Wisconsin Gov. Tony Evers on Thursday issued a statewide mask mandate amid a spike in coronavirus cases, setting up a conflict with Republican legislative leaders and some conservatives who oppose such a requirement and successfully sued to kill the governor’s “safer at home” order.
Evers, a Democrat, declared a new public health emergency and ordered the wearing of masks for anyone age 5 and up starting on Saturday for all enclosed spaces except a person’s home. The new order also applies to outdoor bars and restaurants, except when people are eating or drinking.
Anyone who violates the order would be subject to a $200 fine. It is scheduled to run until Sept. 28.
“This virus doesn’t care about any town, city, or county boundary, and we need a statewide approach to get Wisconsin back on track,” Evers said in a statement, citing the recent rise in cases across the state.
The conservative-controlled Wisconsin Supreme Court in May tossed out an order from Evers’ health secretary closing most nonessential businesses in an attempt to slow the spread of the virus.
Republican Assembly Speaker Robin Vos said he opposes a statewide mandate, but he indicated that he wouldn’t sue to stop it like he did the “safer at home” order.
“There are certainly constitutional questions here,” Vos said. “I would expect legal challenges from citizen groups.”
Rick Esenberg, president of the conservative Wisconsin Institute for Law and Liberty, which has sued Evers several times, said the governor “lacks the legal authority” to issue the order. Esenberg stopped short of promising a lawsuit, saying he was reviewing it.
Republican state Sen. Steve Nass, one of the Legislature’s most conservative members, called for lawmakers to meet in an emergency session to kill the order, which he called “illegal and unnecessary.” Evers said he would welcome the Legislature meeting to address the pandemic, which it hasn’t done since mid-April. But he said it was a “sad commentary” that Nass wanted to reconvene just to kill the mask order.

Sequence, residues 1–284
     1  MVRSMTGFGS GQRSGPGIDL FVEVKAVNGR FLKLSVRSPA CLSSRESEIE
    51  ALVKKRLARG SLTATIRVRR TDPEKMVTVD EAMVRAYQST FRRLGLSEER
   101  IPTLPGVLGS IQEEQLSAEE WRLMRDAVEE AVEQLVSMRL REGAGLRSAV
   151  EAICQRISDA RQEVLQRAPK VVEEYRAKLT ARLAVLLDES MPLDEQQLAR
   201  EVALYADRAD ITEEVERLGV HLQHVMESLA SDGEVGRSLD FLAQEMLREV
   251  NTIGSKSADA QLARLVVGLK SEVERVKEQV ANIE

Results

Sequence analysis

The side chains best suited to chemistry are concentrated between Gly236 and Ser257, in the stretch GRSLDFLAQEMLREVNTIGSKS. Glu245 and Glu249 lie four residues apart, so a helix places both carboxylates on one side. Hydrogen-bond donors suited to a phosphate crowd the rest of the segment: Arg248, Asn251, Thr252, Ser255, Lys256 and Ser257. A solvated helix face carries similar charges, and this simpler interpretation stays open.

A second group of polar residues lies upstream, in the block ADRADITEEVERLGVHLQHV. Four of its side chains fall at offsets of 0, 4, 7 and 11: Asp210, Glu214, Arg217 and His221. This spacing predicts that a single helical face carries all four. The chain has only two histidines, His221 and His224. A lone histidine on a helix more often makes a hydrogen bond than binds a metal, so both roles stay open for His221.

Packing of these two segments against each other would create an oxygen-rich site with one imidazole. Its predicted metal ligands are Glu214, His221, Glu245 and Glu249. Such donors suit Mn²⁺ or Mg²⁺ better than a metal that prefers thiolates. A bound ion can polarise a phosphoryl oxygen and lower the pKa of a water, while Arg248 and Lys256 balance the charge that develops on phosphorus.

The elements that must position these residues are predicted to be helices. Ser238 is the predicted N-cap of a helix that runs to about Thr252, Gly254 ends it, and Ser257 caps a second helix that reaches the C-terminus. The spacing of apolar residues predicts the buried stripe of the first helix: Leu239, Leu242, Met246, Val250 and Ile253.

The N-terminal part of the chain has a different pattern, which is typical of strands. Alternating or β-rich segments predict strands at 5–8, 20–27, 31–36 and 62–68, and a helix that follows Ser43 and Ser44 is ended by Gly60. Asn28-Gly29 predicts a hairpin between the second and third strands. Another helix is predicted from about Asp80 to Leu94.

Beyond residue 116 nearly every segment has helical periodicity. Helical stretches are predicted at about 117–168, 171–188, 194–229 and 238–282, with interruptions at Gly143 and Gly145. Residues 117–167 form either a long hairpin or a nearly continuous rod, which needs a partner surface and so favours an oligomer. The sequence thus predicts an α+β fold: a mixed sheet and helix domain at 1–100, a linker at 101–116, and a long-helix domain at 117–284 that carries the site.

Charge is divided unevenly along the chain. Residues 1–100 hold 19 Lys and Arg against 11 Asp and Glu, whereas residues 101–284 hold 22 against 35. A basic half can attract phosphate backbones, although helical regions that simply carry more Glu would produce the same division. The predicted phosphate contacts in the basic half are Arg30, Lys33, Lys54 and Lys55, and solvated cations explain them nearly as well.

“Obviously he doesn’t believe that masks matter,” Evers said. “That’s fine, he can be one of those people that flouts the order. But to come in and have the Republicans say essentially we don’t believe in science, it’s pretty risky business. It’s risky political business and risky health business.”
Vos did not say whether the Legislature would reconvene to kill the order.
Evers has repeatedly cited the earlier Supreme Court ruling as a reason for his reluctance to join 32 other states that have mask mandates. However, the May ruling determined that the state health secretary overstepped her authority with the “safer at home” order; the court did not address the governor’s power to issue public health emergencies.
The state’s high court was controlled 5-2 by conservatives when it struck down the earlier order on a split 4-3 decision. But on Saturday, when the mask order takes effect, Justice-elect Jill Karofsky will join the court, narrowing the conservative majority to 4-3 and increasing the odds of the order surviving a legal challenge.
Evers said the rise in COVID-19 cases, not Karofsky’s joining the court, and the fact that not enough people wore masks voluntarily motivated him to act now. Evers had been under pressure from local governments, and even some Democrats, to issue a statewide order. Democratic state Sen. Chris Larson, of Milwaukee, started a petition for a statewide mandate.
“The bottom line is we need to keep people safe and this is one way to do it,” he said. “We hope the Supreme Court agrees with us. You never know, it may never end up in the Supreme Court.”
Numerous cities and counties across Wisconsin have already instituted mask mandates, including Milwaukee and Dane counties, Green Bay, Racine, Superior and Whitewater. Evers’ order doesn’t preempt local governments from enacting even stricter ordinances.
Wisconsin has had more than 52,000 confirmed cases of COVID-19 and 919 deaths from the disease since the pandemic started. That death count is the 28th-highest in the country and the 35th highest per capita, at nearly 16 deaths per 100,000 people. Over the past two weeks, the rolling average number of daily new cases has gone up by 90, an increase of more than 11%.
The virus, although still heavily concentrated in urban areas, is spreading to more rural counties that had largely avoided the disease.
Source: Associated Press: SCOTT BAUER